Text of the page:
Wednesday, February 28, 2007

The great disaster recovery/business continuity project at work continues to churn through time as though Chinese children are producing time knock-offs in a factory somewhere for the equivalent of $1 per day.
In addition to the actual work, there are often meetings about the work and paperwork about the work and informal hallway interceptions about the work. I haven't figured out the way to combine those things with the actual work, but if I ever do there is a factory job in Xian-Po with my name on it.
At last, I'll be bringing the conflict to General Tso. The guy (and his chicken) has a powerful away game, but we'll see how he likes it on his own turf where he is unable to make use of his scorched earth tactics.
More importantly, Marvel's Civil War story arc finally completed last week.
The end was surprising, but only because it seemed so sudden. There were about 50 issues of build up followed by a stunning end in the last four pages.
I know it kind of has to play out like that, but it seemed rushed and almost too tidy in the way season finales do when the cast and crew don't know if they have been picked up for another season.
By way of spoilers, I'll just say that Batman rules.
I promised myself I'd read them all, but now that Civil War is over I'm not sure what might fill the void. I've still got DC's 52 series, but even that is over in the next couple of months and the last issue was odd in that it was actually a pretty good read.
Summer movie season may be my only hope, though putting faith in the entertainment industry is a lot like building a giant Lego space station on a bed of Velveeta in a warm room. The sinking feeling precedes a total breakdown, but just barely.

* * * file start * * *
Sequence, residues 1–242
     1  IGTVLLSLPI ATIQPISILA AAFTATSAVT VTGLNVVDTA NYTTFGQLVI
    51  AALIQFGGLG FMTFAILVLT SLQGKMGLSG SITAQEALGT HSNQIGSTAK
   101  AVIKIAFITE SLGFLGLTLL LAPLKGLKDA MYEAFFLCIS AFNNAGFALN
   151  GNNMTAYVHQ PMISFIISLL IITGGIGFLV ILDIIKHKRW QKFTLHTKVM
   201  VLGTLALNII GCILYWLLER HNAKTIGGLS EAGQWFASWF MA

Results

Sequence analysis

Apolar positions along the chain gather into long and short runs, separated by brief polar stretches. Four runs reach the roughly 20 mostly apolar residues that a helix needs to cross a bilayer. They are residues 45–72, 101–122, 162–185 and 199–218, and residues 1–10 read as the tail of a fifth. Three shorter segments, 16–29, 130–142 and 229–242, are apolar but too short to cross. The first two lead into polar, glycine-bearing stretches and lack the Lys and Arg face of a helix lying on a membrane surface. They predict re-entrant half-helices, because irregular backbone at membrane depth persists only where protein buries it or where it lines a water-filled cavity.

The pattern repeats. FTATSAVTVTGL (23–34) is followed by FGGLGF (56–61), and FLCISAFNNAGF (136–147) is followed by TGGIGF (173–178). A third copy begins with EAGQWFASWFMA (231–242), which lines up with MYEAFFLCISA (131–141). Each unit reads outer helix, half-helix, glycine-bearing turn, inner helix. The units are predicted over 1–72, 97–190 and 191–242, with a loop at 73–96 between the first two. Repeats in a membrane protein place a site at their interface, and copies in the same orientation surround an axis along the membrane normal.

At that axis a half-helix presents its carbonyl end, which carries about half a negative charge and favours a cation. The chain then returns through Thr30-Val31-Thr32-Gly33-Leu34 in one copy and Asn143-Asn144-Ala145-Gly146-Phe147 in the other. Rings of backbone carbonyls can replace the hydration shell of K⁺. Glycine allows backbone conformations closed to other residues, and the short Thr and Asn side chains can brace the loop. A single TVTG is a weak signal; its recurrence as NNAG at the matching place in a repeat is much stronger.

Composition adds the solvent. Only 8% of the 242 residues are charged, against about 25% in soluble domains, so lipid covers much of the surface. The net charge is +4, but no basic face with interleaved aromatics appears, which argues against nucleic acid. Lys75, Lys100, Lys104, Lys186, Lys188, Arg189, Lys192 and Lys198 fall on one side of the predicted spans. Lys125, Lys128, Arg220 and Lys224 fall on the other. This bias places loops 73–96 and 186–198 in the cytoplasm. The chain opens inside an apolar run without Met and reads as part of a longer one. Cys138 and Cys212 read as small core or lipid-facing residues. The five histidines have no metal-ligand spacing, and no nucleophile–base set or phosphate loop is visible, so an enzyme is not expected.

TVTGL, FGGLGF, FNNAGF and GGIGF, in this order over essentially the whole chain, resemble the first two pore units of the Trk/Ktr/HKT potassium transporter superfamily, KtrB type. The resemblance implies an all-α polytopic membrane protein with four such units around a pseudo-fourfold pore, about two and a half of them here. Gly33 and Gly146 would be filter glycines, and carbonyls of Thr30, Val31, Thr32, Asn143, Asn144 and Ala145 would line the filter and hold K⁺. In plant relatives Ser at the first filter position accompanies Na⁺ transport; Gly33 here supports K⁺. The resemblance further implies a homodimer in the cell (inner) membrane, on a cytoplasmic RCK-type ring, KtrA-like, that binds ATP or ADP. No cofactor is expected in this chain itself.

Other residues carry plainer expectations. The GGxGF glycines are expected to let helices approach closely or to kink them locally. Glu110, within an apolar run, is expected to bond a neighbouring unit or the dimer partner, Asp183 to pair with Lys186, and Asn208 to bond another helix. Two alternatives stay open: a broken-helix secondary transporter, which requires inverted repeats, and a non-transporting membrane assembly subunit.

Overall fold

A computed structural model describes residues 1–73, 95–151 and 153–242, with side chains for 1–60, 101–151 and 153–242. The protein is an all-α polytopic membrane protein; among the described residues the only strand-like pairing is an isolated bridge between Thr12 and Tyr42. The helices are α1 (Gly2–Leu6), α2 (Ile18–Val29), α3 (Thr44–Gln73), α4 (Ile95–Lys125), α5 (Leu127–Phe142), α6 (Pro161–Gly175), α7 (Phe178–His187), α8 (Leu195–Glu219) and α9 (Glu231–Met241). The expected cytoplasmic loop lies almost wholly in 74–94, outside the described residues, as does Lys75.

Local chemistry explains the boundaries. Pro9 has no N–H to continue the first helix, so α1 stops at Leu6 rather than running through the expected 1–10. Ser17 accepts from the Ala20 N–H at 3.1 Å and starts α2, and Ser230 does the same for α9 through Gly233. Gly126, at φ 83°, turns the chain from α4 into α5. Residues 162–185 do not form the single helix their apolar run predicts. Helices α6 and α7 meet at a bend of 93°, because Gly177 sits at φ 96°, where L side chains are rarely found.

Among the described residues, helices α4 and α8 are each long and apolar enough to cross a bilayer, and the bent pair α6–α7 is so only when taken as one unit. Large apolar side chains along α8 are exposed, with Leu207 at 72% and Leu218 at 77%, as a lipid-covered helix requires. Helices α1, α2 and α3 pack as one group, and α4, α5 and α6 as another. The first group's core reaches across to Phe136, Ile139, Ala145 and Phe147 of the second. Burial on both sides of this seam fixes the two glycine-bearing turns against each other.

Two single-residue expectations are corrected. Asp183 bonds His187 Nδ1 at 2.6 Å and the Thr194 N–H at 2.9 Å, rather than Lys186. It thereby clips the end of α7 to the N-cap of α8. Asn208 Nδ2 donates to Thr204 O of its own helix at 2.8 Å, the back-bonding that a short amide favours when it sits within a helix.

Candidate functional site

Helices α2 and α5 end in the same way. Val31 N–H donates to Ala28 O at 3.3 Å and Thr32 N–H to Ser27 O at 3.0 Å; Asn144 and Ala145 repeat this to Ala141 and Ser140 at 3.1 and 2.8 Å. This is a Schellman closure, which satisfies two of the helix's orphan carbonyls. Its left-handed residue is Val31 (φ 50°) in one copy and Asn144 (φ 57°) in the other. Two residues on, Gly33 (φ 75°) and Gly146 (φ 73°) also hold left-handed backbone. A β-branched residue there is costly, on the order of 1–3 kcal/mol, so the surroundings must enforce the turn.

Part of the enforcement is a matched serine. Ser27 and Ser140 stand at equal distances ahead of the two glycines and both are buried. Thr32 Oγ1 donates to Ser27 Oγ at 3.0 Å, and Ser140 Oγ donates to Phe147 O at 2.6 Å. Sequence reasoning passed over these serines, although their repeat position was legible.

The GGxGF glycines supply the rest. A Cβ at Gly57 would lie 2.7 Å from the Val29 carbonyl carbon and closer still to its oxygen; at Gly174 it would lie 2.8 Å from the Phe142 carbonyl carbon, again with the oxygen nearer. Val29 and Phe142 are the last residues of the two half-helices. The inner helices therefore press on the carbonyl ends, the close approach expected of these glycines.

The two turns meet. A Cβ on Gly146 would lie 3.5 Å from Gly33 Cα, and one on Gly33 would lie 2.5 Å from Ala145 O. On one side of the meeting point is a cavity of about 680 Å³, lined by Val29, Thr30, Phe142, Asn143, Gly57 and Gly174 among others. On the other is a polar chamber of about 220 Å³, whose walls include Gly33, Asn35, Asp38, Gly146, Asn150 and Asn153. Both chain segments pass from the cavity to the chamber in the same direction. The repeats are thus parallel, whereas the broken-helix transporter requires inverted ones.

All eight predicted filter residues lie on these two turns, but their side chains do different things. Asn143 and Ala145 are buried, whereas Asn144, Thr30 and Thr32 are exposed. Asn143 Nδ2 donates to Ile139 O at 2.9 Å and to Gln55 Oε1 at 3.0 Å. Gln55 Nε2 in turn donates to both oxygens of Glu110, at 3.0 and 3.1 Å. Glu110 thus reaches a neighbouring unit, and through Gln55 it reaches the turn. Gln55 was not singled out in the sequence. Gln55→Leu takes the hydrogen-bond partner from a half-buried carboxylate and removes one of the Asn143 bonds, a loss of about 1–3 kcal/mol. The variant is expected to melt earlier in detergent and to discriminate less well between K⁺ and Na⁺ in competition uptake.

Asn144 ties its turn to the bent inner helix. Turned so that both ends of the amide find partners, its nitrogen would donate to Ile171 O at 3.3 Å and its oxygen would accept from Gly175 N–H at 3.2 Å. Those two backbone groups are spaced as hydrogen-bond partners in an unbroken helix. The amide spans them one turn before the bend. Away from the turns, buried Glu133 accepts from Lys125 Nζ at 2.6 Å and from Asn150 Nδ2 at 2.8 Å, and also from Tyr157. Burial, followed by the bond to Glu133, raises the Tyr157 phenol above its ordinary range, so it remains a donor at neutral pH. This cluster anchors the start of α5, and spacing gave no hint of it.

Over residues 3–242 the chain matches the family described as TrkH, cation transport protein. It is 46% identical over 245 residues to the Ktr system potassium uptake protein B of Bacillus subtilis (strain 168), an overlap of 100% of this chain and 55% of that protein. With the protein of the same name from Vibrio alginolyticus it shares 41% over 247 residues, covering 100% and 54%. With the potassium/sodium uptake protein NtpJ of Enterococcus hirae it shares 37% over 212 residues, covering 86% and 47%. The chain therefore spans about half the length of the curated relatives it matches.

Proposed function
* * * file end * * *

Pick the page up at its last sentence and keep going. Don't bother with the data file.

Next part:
While I'd like to be all about original ideas, I have to admit I'm most interested in things coming out this summer which are the original titles followed by numbers, especially stylized metallic-looking numbers. No Roman numerals, though. That would be entirely too Reagan Era.
In the end, the most important thing (aside from ninja count and it is very difficult to ever truly get an accurate ninja count) is always the amount and quality of explosions.
I think I saw an article online a while back (having almost totally given up the paper habit) about a special effects advance which allows CGI creations to actually work on the animations themselves. Of course, the CGI actors never need rest and have no union (yet), so the need for actual flesh and blood animators is limited to fetching CGI coffee for their new digital overlords.
Also, they are now embedding CGI organs into real live actors under all the costume and skin. It is subtle, I'll admit, but you can almost tell that Tibby's liver is "computer enhanced" in Sisterhood of the Traveling Pants. As I'm nowhere near too proud to admit, I cried like a little girl during Sisterhood of the Traveling Pants. I suspect anyone that didn't has already been implanted with a CGI heart of their own, probably one cranked out in a factory in Xian-Po by CGI children working for $1 per day.

1 comment:

Shana said...

OMG - my witty response was consumed by the Blogger.